When Jeffrey Campbell first became involved with the music business at the age of 17, he adopted the moniker Assassin for a deliberate reason. Although he never claimed to be a killer per se, the DJ’s energetic, rough-edged vocal style and uncommonly well constructed lyrics allowed him to pick off all competitors with cold-blooded precision. Yet somehow they never see him coming.
Once upon a time, you could go back and forth with another artist lyrically and it would just be about music, and trying to establish dominance on a musical note. But when it starts to become about who is the bigger gangster, then it is not about music anymore. I am an artist. I am not proclaiming to be no bad man. I want to make music. I don’t want to be involved in a situation where me haffi start move like a outlaw, with a million man ’round you all the time. I never got involved in music for that purpose. I wanted to do what I love and contribute positively to the industry.
While still a student at Camperdown High School, Assassin wrote “Big Up All The Shotta Dem,” which Spragga Benz recorded on the Street Sweeper riddim. Before long, he was recording for himself, and from “Ruffest,” his breakthrough hit on the Diwali riddim and through Infiltration, his critically acclaimed 2005 debut album on VP Records, Assassin distinguished himself in a musical arena known for bluster and bravado. Debunking the common perception of reggae artists as dunces and reprobates, Assassin enrolled as a student at University of Sunderland in England, studying towards a degree in Business Management.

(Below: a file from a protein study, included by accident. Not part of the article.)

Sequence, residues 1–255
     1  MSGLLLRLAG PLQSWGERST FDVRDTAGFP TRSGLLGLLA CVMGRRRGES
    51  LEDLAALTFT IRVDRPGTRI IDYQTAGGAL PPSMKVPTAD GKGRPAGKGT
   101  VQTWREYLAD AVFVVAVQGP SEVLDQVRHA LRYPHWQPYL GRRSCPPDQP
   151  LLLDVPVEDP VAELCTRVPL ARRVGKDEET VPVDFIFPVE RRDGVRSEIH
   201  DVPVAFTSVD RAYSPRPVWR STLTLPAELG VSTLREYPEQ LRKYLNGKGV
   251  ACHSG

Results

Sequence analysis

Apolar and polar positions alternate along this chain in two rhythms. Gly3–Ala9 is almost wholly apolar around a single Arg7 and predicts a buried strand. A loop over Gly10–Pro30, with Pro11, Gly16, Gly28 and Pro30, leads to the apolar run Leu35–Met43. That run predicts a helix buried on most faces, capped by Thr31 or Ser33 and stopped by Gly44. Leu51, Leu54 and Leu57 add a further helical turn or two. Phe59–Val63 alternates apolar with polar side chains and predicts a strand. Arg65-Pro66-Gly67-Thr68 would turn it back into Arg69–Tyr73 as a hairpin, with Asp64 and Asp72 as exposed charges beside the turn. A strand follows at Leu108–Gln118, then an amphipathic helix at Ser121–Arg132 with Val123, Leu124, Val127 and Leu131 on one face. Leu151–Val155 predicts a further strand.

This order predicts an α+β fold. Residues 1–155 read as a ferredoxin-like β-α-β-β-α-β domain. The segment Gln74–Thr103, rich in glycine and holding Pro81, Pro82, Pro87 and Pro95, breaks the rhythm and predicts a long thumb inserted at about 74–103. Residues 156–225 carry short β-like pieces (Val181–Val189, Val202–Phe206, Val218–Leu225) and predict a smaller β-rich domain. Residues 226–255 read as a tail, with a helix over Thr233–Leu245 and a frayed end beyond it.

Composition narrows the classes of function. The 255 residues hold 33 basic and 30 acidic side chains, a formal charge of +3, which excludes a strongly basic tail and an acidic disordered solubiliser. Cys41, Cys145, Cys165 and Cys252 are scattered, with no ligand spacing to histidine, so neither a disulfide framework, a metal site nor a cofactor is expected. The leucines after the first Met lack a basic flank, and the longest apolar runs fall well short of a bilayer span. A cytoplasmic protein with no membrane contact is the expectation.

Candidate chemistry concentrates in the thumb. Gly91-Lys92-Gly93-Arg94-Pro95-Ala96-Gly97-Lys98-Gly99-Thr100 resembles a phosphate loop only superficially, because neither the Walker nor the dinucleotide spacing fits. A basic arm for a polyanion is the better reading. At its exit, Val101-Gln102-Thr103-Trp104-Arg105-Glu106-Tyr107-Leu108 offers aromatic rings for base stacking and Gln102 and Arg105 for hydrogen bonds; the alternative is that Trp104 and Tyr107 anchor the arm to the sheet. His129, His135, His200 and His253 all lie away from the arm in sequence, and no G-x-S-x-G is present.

“I always make a conscious effort to try to learn and improve, as opposed to feeling like you already know everything and making your ego control your learning curve. So we try to learn from people who are making a positive contribution to the music. And as we go along we try to pick up the right attitude and work ethic. I always believe in maximizing potential. And whatever that potential is, I only would realize it through hard work. So I just continue to work hard and hopefully I will realize my true potential.” He said
After his critically acclaimed debut album “Infiltration” on VP Records in 2005, the 24 year-old toaster with an energetic, rough-edged vocal style and uncommonly well constructed lyrics, came back with “Gully Sit’n” (VP Records), was one of the most anticipated dancehall releases of the year in 2007.